- Promoting UI pattern adoption. A clear classification taxonomy is likely to have the effect of making patterns easier to find and in turn increase their use.
Problems with the solution: UI pattern Classification Approaches
The following is a high-level analysis and discussion on classification approaches of the previously mentioned UI pattern collections. Each collection is mapped and discussed from a classification and documentation perspective.
Martin Welie’s patterns
Patterns in Interaction Design
Figure 1. Classification Map (click image to enlarge)
Welie divides the patterns into three delivery methods: Web design patterns, GUI design patterns, and mobile design patterns. Within the web design patterns channel (the focus of this document), the patterns are categorized into ten groups based on a mix of content and functional subjects.
Figure 2. Documentation Map (click image to enlarge)
Welie’s documentation approach is simple, with a focus on visual elements to explain the function of the pattern. It can be broken into three main parts:
- Description: This area of the documentation provides the name and image to describe the pattern.
- Rationale: This area provides a description of the problem that is solved by the pattern, how it works, and the scope of its use.
- Associations: This area provides links to other patterns related to the current pattern.
Jennifer Tidwell’s patterns
The following is a map of Jennifer Tidwell’s UI Design Patterns. (Click image to enlarge.)
Unlike Welie, Tidwell does not take into account different delivery methods. The eight categories she does specify look to be based on functional subject areas only.
Sari Laakso’s patterns
The following is a map of Sari Laakso’s UI patterns. (Click image to enlarge.)
Like Tidwell, Laakso does not differentiate between delivery methods; he bases all seven of his categories on functional subject areas.
The Design of Sites’ patterns
The following is a map the patterns presented in “The Design of Sites.” (Click image to enlarge.)
The most extensive pattern collection of the four sampled, Design of Sites does not specify delivery methods, and, in some cases, the items presented could be regarded as design guidelines or principals rather than patterns. Twelve categories are presented with a mix of content and functional subjects.
Summarizing the classification types
From this analysis three main types of classification are present — content subject, functional subject, and delivery platform.
Content subject classifications normally specify an application genre (for example, ecommerce and supply chain management). Examples of content subject based classifications can be found in the Design of Sites collection under “Site Genres” and in Welie’s collection under “Site Types.”
Functional subject classifications are based on logical breakup of functionality (for example, shopping cart and two-panel selector). This is the most common prevalent classification type and is found in all the collections sampled.
Delivery method is used to describe the platform on which a pattern has been designed to operate. This classification type opens up the possibility for unique patterns to be developed for the same subject classifications across platforms. This classification type has the potential to provide more resolution for developers looking to offtake a pattern within a specific UI delivery platform such as mobile, desktop, or web.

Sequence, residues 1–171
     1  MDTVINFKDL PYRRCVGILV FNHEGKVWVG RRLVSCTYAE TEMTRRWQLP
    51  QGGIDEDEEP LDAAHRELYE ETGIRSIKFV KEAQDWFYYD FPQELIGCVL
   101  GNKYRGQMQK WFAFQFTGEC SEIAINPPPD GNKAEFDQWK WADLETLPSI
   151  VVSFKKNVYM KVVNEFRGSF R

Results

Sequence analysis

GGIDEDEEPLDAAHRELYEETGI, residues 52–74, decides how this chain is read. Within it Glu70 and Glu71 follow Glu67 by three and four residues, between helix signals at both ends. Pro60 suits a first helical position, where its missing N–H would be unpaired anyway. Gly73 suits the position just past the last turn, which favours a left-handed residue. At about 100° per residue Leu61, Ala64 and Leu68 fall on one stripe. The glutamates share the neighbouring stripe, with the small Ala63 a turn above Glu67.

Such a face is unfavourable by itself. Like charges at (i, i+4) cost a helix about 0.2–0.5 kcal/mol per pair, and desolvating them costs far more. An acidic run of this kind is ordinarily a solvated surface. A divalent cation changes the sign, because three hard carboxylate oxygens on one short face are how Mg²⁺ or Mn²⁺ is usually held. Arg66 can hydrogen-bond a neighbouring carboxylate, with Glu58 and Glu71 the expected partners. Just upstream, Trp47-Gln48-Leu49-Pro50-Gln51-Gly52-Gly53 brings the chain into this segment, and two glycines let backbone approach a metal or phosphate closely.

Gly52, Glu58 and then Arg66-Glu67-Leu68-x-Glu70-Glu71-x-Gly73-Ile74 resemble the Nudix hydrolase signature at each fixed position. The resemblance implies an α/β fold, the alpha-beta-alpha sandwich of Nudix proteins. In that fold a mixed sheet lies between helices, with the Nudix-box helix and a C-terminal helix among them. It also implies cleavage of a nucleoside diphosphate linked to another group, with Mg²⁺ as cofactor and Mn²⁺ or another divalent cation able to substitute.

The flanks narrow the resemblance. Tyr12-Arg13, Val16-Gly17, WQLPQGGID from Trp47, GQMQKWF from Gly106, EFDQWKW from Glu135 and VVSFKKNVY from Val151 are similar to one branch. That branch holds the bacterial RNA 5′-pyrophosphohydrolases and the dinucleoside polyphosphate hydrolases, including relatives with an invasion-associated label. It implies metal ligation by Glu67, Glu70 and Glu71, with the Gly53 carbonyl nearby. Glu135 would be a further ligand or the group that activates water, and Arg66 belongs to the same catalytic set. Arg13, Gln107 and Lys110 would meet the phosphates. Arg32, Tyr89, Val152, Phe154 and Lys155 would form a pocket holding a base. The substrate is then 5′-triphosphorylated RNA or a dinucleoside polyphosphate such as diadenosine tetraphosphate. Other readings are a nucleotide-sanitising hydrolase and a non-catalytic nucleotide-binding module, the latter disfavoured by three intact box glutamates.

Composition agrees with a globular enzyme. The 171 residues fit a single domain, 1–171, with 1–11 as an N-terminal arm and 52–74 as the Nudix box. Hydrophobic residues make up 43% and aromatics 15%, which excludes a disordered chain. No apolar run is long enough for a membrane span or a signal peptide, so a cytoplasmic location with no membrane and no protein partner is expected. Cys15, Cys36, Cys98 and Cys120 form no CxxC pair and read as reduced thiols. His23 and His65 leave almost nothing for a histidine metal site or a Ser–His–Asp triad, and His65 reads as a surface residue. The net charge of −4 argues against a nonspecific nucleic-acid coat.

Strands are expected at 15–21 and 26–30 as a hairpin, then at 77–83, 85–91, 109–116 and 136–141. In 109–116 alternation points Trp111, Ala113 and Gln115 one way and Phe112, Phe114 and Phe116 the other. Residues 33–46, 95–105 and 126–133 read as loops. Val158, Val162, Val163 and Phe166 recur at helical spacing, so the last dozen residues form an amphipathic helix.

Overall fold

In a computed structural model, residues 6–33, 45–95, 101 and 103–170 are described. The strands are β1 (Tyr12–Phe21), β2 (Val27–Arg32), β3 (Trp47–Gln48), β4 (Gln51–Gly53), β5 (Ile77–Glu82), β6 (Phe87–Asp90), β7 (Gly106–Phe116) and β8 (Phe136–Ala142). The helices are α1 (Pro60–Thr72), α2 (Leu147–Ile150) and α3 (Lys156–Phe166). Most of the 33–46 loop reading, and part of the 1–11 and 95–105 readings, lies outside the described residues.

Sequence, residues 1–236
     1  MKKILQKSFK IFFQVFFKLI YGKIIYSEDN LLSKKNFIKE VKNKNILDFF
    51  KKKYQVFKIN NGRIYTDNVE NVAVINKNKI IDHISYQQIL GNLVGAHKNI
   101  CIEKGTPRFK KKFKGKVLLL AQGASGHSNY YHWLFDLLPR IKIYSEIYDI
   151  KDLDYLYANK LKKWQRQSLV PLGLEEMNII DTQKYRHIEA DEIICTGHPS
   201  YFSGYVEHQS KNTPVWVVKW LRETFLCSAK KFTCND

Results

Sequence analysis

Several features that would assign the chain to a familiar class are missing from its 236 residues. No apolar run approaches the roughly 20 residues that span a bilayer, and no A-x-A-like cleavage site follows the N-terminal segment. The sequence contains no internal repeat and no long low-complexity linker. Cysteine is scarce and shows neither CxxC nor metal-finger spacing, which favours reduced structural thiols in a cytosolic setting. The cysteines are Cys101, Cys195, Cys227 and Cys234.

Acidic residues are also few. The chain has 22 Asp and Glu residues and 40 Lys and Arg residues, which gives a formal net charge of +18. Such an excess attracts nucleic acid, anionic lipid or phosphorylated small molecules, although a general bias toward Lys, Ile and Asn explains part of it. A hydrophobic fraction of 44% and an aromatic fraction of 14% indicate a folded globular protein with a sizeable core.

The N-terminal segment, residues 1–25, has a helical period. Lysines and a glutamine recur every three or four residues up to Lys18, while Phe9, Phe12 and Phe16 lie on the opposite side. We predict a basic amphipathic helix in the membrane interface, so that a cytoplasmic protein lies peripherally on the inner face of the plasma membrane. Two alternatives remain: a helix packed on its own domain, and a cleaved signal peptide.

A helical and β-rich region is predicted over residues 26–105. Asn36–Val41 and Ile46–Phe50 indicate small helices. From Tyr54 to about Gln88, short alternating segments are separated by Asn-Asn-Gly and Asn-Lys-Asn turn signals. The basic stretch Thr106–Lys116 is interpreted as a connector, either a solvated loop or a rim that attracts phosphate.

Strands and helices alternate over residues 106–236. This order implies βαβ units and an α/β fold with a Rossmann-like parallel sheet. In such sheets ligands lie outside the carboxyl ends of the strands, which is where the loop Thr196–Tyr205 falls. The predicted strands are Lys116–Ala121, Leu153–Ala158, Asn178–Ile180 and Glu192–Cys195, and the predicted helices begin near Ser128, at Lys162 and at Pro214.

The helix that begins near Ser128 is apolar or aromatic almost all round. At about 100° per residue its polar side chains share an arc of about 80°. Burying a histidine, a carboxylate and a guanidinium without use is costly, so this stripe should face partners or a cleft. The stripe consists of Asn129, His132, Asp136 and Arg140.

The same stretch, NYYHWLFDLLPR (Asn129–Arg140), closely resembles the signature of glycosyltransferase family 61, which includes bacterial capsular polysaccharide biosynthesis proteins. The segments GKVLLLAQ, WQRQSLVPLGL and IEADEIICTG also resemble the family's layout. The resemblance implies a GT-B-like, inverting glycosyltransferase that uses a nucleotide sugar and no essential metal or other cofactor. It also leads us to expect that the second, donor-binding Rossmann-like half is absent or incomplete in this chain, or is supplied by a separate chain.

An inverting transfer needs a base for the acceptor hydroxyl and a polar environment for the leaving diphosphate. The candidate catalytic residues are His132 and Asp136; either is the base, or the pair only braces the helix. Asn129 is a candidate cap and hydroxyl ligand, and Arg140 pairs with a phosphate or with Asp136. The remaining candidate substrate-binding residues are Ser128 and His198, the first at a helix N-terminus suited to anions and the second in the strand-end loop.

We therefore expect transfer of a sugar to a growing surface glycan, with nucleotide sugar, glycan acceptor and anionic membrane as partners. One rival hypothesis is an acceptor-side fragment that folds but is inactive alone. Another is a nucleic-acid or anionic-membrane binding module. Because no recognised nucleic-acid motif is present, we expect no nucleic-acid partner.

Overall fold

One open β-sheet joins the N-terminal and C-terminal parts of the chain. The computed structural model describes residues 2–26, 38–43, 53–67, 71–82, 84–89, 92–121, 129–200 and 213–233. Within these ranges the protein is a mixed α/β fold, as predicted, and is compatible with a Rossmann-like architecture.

Based on the publicly available pattern libraries available today, there is no clear indication as to whether “delivery method” is a valid classification type. An argument could be made that the process of binding a pattern to a specific technology is will reduce the life of the pattern as platforms develop. However, the timelessness of a pattern is of little consequence to developers whose primary goal is product delivery rather than pattern lifecycle.
Another Classification type – Level
This author would like to include an additional classification type: Level.
The level classification would further divide patterns into the following areas of concern:
- Navigation architecture: Patterns relating to the navigation of content within an application
- Screen architecture: Patterns which position functionality and content within a screen
- Site furniture: Patterns for formatting functionality and content
In the case of the collections previously reviewed, the great majority of patterns would be classified as falling under the “site furniture” level type. However, it is this author’s view that considerable potential remains to develop patterns within the proposed navigation architecture and screen architecture level types.
A proposed classification system
The above diagram (click image to enlarge) describes a potential pattern library classification hierarchy. In this case, client classification nodes are presented at the top of the tree similar to that of the Welie collection; the proposed new level classification nodes are added above subject.
Content and functional subjects would be implemented as tags because these classifications would occur across levels.
Why have a classification hierarchy — aren’t filters or tags more useful?
In many cases, being able to filter by classification node as required is more flexible than drilling down through a preset hierarchy. However, a present classification tree is also useful to:
- Automate the generation URLs to enable cross linkages within the UI pattern library.
- Provide a simple drill experience for end users who have no specific problem to solve but rather just wish to browse to learn and or generate ideas.
UI pattern Documentation Proposal
The value of a standardized UI pattern documentation to developers is a single interface for search tools. Such tools hold the potential to streamline the off take of UI patterns by developers with specific problems to solve in a world with hundreds and potentially thousands of UI patterns to choose from.
UI patterns are by their nature visual. It must be noted that strong support for pictorial content would seem obvious and reduce the necessity for long verbal descriptions that add little value next to their visual equivalents.